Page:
The fundamental change the films make to Loki is by having him be a sympathetic, misunderstood anti-hero. This is alien to the Norse conception of Loki as the embodiment of all that is harmful to society. Loki may bring comic relief to some of the myths (as told by Snorri), but he is, fundamentally, someone who breaks all the codes of community and kinship. There is no sense of sympathy for him in the myths. If anything, there is a fierce joy at his torture and punishment as rightfully deserved.

What purpose did the gods Thor, Loki and Odin serve for the Vikings? Sure, it was their religion – but what did these stories provide for their culture and them as individuals just living their lives?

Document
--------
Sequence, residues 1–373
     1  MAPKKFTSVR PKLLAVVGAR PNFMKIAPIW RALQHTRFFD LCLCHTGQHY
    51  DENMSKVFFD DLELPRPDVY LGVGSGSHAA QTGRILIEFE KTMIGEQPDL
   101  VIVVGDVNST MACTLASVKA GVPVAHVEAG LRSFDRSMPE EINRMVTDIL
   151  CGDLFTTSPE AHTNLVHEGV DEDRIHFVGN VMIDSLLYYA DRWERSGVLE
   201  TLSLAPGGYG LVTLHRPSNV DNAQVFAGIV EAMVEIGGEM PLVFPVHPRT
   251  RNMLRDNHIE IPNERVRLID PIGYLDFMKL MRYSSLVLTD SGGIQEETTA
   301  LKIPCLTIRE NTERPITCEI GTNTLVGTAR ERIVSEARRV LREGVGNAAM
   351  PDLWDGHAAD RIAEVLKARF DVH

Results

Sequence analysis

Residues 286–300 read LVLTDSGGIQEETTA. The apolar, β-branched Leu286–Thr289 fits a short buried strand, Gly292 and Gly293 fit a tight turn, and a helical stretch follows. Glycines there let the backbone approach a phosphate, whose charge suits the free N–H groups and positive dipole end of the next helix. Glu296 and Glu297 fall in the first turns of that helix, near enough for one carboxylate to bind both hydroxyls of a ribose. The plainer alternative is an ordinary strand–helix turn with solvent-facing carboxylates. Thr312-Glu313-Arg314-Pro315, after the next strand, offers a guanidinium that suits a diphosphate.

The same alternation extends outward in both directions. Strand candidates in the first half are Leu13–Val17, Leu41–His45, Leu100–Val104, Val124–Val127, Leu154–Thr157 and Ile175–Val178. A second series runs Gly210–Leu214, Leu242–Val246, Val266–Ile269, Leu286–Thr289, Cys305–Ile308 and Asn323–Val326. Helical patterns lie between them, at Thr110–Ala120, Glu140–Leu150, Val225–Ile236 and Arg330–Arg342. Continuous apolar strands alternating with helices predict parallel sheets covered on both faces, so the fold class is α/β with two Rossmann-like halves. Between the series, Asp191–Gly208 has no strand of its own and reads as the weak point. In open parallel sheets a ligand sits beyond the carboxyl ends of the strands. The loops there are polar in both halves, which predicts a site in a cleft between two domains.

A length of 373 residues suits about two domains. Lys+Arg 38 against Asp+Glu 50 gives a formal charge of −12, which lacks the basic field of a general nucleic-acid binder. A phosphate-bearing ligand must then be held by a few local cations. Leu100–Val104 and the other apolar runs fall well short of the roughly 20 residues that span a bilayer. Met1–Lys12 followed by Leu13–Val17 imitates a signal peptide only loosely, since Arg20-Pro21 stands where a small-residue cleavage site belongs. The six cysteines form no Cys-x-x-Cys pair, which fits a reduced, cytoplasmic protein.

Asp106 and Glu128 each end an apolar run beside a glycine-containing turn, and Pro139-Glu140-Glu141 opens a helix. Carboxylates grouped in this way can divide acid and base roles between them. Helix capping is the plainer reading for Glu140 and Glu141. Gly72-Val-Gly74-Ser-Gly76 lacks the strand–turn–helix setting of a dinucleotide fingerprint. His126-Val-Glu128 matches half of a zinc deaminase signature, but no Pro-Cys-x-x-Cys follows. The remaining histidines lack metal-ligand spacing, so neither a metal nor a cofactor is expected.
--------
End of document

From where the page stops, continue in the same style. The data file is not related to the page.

When speaking of this era, I don’t think we can make a distinction between “religion” and “living their lives.” Before the conversion to Christianity, there is little sense of “religion” being something that existed outside of daily life.

Thor is still a big part of our daily lives.

Today, the word Ásatrú [“Æsir faith”] is used to designate the modern iteration of the Norse religion. However, the term is a modern neologism. The ancient Germanic tribes seem to have had no word that distinguished religion as something distinct from everyday life. Only when Christianity came to the North did such an idea appear; during the clash of religions, the heathen practice was called “the Old Way” to distinguish it from “the New Way” of Christianity. I think it’s telling that it was referred to as a way – a way of doing things – because that’s what it was: a means of interacting with life and everything in it.